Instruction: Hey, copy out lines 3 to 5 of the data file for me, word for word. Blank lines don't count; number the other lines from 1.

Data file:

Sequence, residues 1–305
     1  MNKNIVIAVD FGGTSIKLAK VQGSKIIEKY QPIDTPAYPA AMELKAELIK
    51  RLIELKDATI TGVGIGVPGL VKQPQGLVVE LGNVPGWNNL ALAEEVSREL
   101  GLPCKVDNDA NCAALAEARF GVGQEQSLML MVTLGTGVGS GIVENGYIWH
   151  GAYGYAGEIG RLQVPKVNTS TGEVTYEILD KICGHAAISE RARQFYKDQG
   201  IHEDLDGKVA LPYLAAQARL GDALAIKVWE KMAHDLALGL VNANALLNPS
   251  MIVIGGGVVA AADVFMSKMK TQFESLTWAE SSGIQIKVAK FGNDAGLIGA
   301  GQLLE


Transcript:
    51  RLIELKDATI TGVGIGVPGL VKQPQGLVVE LGNVPGWNNL ALAEEVSREL
   101  GLPCKVDNDA NCAALAEARF GVGQEQSLML MVTLGTGVGS GIVENGYIWH
   151  GAYGYAGEIG RLQVPKVNTS TGEVTYEILD KICGHAAISE RARQFYKDQG